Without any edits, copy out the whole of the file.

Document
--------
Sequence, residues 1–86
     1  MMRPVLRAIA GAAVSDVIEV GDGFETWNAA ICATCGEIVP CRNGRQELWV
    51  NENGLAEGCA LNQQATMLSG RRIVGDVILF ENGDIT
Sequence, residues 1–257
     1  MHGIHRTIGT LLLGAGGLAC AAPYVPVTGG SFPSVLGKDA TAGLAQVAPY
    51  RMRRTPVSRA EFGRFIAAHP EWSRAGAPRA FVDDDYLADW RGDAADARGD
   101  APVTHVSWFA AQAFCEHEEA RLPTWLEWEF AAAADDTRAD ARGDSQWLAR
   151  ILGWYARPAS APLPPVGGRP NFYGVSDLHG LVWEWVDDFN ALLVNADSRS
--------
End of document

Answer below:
Sequence, residues 1–86
     1  MMRPVLRAIA GAAVSDVIEV GDGFETWNAA ICATCGEIVP CRNGRQELWV
    51  NENGLAEGCA LNQQATMLSG RRIVGDVILF ENGDIT
Sequence, residues 1–257
     1  MHGIHRTIGT LLLGAGGLAC AAPYVPVTGG SFPSVLGKDA TAGLAQVAPY
    51  RMRRTPVSRA EFGRFIAAHP EWSRAGAPRA FVDDDYLADW RGDAADARGD
   101  APVTHVSWFA AQAFCEHEEA RLPTWLEWEF AAAADDTRAD ARGDSQWLAR
   151  ILGWYARPAS APLPPVGGRP NFYGVSDLHG LVWEWVDDFN ALLVNADSRS